There was still a question of paying Barry a final balance and refunding Neil his deposit. I took over the 'admin' side of the trip liaising with Barry. I collected monies, sent Barry £17500 and then had a couple of sleepless nights when it wasn't delivered - Barry hadn't realised his account details had changed. TransferWise allowed one redirection and after a couple of days it arrived in his account, much to our relief. There were now eight of us going, six (Brian, Duncan, Mike, Paul, Rod and me) for the whole trip, Marc who wasn't staying for the last part (Apolo) and Malcolm whom was joining three days in (after) Riberalta.
Four of us were flying out with Avianca and had 17 hours in Bogota between flights. I tried to arrange some birding but was unable to find a guide with vehicle who was available and prepared to help us at a reasonably price. It soon became clear that my preferred option (Monterredondo) wasn't really feasible. At least the time at Bogota airport could be usefully devoted to last minute reading of reports. A week or so before departure Duncan and I received an email from Avianca, in Spanish, telling us not to be concerned because they were making every effort to mitigate the effects of a long running pilots strike! This only served to increase stress levels although monitoring flight departures showed all relevant flights the previous week had gone and none were more than 4 hours late. That our Ecojet La Paz to Riberalta flight had been put back gave us 8 hours to make that connection.
On the evening of 7 December I met Brian, Duncan and Rod at Heathrow's Terminal 2 to check in for our Avianca flight. It was on the board and scheduled to be on time so everything was looking good. That is until Rod was refused check in. His passport had a corner of its clear cover to the photograph page coming away by about 5mm. It seemed amazingly trivial but apparently a passenger with similar had been let on the flight a couple of weeks earlier but was refused entry into Bolivia, turned back and Avianca fined £2000. Rod was understandably incredibly dejected, and we were all pretty shell shocked by the triviality of it and felt greatly for him. A trip lost for a stick of glue, although having been spotted by the airline staff representing a 'mended' passport was unlikely to have worked. Rod caught a coach to Victoria and present himself at the Passport Office nearby the next morning hoping to obtain a new 24 hours passport so he could join us in Trinidad with Malcolm, only missing 3 days of the trip. At the Passport Office he encountered further mindless bureaucracy (or another ultimate jobsworth) as he had to provide 'justification' for his damaged passport (it's been used a lot and wasn't made well enough to stand it?) significantly delaying the process and very sadly he did not make it. We all missed his company.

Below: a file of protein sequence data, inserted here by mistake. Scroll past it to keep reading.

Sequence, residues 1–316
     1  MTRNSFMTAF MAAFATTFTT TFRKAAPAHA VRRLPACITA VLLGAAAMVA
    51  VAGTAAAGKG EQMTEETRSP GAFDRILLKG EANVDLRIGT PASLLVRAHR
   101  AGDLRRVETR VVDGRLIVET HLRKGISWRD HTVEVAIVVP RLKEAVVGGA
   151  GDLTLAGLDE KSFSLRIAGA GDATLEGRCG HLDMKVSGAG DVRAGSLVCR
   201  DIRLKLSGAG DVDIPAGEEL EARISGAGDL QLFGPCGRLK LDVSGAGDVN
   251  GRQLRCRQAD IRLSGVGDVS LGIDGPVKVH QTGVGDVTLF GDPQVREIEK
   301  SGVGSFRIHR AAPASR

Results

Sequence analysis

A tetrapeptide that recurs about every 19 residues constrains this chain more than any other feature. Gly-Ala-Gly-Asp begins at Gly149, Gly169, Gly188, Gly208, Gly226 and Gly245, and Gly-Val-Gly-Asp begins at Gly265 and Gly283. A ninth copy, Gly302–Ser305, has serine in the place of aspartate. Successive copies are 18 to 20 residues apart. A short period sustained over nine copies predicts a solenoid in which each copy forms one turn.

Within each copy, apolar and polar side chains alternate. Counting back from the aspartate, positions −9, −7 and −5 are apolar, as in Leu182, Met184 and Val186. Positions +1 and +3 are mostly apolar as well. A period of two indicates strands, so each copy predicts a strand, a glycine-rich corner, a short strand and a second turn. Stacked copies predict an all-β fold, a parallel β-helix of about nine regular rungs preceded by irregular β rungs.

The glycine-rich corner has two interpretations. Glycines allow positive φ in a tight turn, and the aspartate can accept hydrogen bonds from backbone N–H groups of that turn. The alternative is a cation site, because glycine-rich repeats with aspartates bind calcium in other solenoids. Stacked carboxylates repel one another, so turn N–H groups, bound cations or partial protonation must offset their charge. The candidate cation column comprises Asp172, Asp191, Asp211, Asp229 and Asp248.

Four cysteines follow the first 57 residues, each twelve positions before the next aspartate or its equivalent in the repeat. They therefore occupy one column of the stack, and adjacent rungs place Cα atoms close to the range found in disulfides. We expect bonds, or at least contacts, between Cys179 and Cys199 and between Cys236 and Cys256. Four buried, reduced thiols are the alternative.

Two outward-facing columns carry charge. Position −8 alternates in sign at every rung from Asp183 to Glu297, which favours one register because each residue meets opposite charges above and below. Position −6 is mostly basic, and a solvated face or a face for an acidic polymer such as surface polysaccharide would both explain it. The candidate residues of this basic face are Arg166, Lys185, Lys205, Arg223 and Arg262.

Brian, Duncan and I were now the only survivors of the original line-up with both the main instigators of the trip not making it. Very sad but what could we do? We boarded our flight, 10 hours to Bogota. Our 17 hour wait there was spent in (and around) the airport, reading reports and studying the Field Guide. As the layover was more than 12 hours Avianca were not allowed to check our bags all the way through to La Paz (for most airlines it is 24) so in some ways it was just as well we;'d no birding arranged as we would have had the hassle of having all our luggage with us. We arrived in La Paz at 03:30 after a 3 hour flight, collected our bags, changed some $ (the airport being our best opportunity to do so) and mistakenly (in my view) paid for a few hours in an airport Sleep Box Hotel. It was expensive and excessively hot and stuffy and I wish I'd slept on airport seats as originally planned. Only a slight concern that my bag might be stolen while I slept prevented me from doing so.
Postings with photos from the trip will follow in due course. Here is one to be getting on with:
|Blue-throated Macaws near Trinidad, 12 November 2017|